What should you have in an investment portfolio?

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I’ve had a few comments asking what my investing portfolio looks like, what’s in it, and how I have things allocated.

Well to be honest, it shouldn’t really matter.

My portfolio is based on me, my goals and where I am in life. It won’t be super helpful for anyone else. You’ll need to do that research (or just compare roboadvisors) and ask those questions yourself!

But that would make quite a boring post, so lets take a look anyway 😉

🎁 If the thought of creating and managing your own investing portfolio makes you puke, use a roboadvisor like Selma Finance instead. They do all the hard work for you. Plus they’ll give you a nice Investing Hero welcome bonus. No strings attached.

Quick recap

If you haven’t already, I strongly recommend checking out my monster guide on investing in Switzerland. It covers the background on this topic in a lot more depth, and gives you the foundation to start working out what portfolio is best for you, and how it aligns to your goals.

Again, your goals are different to mine. So take some time working out where you are and where you’re going with your investing.

You should totally read this.

Once you have this ‘north star’ with your investing, you’ll be able to better understand the risk you can afford to take, which will directly impact the structure and makeup of your portfolio.

My simple portfolio

So, here’s how it looks roughly:

Yes, I drew that pie chart with a pencil

Nothing too fancy.

Again, I’ve worked through my own process to get to this approximate allocation. And not just a pen and paper process of working out a budget and target retirement age, I’ve had to live this portfolio.

What does it mean to ‘live’ a portfolio?

Good question, I’m glad you asked.

Simply, it means how much risk you are comfortable with. You can read all the blog posts and investing books you want, but until you’ve seen how it performs, and what happens to your emotions when the stock markets sink, you won’t know which is the right portfolio for you.

Here’s an example of the average annual return from 1926 to 2015 by allocation, and the worst single-year return:

10.1% sounds nice, but could you also handle seeing it be being chopped in half?

You haven’t lived it yet. You need to learn what portfolio setup you are comfortable with, and that’s a very personal choice.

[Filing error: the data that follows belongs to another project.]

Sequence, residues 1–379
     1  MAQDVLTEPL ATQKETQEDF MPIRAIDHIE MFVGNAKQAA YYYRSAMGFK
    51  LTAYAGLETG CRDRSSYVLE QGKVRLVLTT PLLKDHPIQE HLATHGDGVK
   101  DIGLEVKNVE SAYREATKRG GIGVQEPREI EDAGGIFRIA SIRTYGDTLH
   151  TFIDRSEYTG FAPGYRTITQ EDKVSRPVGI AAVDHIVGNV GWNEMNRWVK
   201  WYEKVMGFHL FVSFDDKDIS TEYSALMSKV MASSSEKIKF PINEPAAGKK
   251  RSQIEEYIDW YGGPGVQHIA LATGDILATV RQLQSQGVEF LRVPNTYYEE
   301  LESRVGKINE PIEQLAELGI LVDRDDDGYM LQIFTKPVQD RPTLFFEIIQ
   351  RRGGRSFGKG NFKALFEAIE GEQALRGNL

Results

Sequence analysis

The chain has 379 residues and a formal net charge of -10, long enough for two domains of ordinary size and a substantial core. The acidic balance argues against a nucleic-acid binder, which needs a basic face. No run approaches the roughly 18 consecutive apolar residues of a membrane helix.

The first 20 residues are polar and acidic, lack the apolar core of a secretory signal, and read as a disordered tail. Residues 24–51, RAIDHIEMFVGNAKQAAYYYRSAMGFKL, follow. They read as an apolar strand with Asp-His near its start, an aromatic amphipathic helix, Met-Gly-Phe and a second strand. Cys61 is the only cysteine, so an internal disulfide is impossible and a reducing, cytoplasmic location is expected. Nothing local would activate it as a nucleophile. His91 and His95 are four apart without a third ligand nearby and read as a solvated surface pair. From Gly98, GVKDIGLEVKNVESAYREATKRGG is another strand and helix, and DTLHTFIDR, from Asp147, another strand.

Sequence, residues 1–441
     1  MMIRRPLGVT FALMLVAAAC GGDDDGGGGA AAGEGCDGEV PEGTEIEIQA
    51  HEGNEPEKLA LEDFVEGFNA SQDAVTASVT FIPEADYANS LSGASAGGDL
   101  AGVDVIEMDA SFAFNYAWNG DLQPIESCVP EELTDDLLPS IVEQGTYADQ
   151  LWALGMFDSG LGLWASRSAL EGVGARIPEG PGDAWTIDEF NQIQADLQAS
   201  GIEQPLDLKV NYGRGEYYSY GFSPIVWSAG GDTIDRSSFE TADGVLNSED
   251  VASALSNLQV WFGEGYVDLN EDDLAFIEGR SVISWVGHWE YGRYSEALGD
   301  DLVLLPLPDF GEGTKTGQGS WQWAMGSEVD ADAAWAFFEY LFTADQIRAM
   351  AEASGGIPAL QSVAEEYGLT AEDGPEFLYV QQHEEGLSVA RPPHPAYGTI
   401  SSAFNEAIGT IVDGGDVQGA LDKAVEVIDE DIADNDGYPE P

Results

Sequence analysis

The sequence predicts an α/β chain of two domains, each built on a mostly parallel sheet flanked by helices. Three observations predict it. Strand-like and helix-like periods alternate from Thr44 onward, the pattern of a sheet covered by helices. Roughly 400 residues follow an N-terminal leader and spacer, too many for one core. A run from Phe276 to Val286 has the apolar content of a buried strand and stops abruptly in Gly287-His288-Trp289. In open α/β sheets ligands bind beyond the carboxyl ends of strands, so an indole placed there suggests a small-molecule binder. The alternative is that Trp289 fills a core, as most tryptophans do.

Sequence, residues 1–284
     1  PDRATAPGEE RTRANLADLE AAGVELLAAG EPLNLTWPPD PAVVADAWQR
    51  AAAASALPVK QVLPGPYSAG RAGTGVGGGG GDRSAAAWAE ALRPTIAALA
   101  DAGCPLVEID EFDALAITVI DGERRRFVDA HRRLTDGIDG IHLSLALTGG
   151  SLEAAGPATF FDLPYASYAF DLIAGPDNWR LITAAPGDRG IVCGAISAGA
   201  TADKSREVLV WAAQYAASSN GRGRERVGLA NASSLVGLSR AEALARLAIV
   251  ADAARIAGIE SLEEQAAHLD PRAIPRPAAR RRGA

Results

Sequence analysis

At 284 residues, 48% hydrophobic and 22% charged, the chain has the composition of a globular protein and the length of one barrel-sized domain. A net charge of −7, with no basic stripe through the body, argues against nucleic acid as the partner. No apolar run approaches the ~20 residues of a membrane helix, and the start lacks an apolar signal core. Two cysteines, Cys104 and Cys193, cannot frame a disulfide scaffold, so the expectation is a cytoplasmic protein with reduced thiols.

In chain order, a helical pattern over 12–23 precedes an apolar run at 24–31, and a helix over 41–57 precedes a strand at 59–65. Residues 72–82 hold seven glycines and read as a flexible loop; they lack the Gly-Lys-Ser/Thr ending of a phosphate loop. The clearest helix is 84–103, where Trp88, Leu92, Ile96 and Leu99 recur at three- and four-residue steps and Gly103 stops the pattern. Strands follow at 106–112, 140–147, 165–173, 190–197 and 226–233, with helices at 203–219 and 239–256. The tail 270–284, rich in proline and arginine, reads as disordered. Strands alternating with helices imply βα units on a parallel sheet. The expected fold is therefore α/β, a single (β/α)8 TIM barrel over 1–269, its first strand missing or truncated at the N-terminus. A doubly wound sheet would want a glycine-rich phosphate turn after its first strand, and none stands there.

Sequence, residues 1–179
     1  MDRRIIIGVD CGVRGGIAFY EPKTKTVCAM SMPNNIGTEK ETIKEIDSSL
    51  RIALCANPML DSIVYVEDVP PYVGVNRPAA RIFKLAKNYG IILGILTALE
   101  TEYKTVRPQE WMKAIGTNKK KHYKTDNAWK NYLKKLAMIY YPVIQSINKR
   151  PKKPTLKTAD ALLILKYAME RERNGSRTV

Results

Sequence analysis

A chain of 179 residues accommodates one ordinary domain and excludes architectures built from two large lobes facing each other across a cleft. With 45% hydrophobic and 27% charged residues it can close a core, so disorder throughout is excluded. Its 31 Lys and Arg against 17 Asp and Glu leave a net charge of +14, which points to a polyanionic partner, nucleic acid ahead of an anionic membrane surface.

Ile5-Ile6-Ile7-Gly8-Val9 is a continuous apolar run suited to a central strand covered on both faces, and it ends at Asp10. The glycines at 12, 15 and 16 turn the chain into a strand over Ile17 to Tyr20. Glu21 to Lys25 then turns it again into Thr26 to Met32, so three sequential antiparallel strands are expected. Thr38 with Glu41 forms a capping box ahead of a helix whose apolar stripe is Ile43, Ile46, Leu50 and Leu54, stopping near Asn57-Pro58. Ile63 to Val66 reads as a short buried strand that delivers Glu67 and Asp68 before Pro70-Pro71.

When I first started, my stock allocation was dialled right back. Scared of messing up and not wanting to ‘lose it all’ I held loads of bonds. For months I watched my account crawl along and generate a tiny half percent return.

I was starting slow and steady that’s for sure!

All the calculators and books said my stock allocation should be a lot higher, but I needed to feel that process, live with the portfolio, and slowly increase it as I gained confidence.

As the stock allocation increased, so did the volatility (and my CHF balance) of my account. A bad month I was down 3%, which made me sweat. But after a while that started to feel ok. Again, I built up to that feeling of ‘ok’.

As my perspective changed to the longer term, the stock allocation increased as I lived through the dips and climbs. For years, my resilience grew against the short term noise.

Fast forward to Jan 2020 and to my allocation of 80% stocks. Covid-19 sends a shockwave through the world. Markets plummet over 30% in a week. My nest egg follows suit.

I’m living with a ‘high risk’ portfolio, and I feel ok.

My ‘risky’ portfolio allocation has just gone through one of the worst market downturns since the 2008 financial crisis. My perceived risk tolerance didn’t get shaken (quite the opposite, I bought even more stock) and my investing mentality scored another little confidence boost.

Had I started with this allocation years ago, the story would’ve been very different.

> Related reading: 7 Finance Bloggers share their top investing tips

Lets dig into each segment of my portfolio in a little more depth.

80% Stocks

You need stocks to grow your wealth. Stocks are the engine of my portfolio and in the years to come, will accelerate the effects of compound interest. But of course, with more stocks comes more risk and you’ll increase your chances of seeing significant drops in value.

Personally, I have my stock split between a roboadvisor (such as Selma Finance), a few individual ETFs and an active managed fund.

10% Cash

This is my day to day living & emergency fund, and everyone should have one. Anywhere from 2-6mths expenses. Again, depending on your circumstances you might have more, or less.

Steady job at a reputable company? Maybe just 3 months worth of cash.

Self employed? Make it 6 months.

Some could argue 10% is too high an allocation for CHF sitting in a bank doing nothing. And they might be right. But look out the window – people are losing jobs and these are uncertain times. And yet life goes on – Cars breakdown. Tax needs paying. The boiler needs a service. Kids want to learn how to play the keyboard. You get the idea.

In addition, cash covers any side business hustles I want to move into – from buying websites, to putting more resource into this blog, I need the cash available to make that happen.

Having 10% cash ensures life is covered, and I’m not touching the stock allocation of the portfolio.

5% Bonds

Last year, I actually had around 10% bonds, but recently I’ve moved a little more into cash. This amount of bonds are pretty close to holding cash – but it brings a little more in interest, around 2-3%. It’s important to note these are corporate bonds, and not government bonds – which in Switzerland are negatively yielding at the moment.

I use a simple Vanguard ETF for this, and you can read more about bonds in my investing basics article.

5% Fun

Lets clarify my definition of the ‘fun’ allocation of my portfolio, and why it’s only 5%.

Firstly it’s things like P2P platforms (e.g. Mintos), Crypto (e.g. Bitcoin) day trading (e.g. eToro) and stock picking.